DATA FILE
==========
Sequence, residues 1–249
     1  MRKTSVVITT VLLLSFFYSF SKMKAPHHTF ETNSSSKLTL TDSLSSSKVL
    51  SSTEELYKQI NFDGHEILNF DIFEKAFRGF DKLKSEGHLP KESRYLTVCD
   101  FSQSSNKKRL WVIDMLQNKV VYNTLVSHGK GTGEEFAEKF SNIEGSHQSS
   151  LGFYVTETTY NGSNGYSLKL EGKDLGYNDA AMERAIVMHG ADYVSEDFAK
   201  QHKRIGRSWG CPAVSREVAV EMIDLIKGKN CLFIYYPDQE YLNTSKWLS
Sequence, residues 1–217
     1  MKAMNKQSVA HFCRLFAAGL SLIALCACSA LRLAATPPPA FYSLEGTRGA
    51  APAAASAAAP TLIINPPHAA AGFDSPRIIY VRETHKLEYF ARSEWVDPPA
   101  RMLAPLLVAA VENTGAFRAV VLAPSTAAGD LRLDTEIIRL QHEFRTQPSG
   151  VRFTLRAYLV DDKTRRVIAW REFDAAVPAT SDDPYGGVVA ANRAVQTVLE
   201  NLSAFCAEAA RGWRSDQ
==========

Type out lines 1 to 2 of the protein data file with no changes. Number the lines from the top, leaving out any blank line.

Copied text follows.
Sequence, residues 1–249
     1  MRKTSVVITT VLLLSFFYSF SKMKAPHHTF ETNSSSKLTL TDSLSSSKVL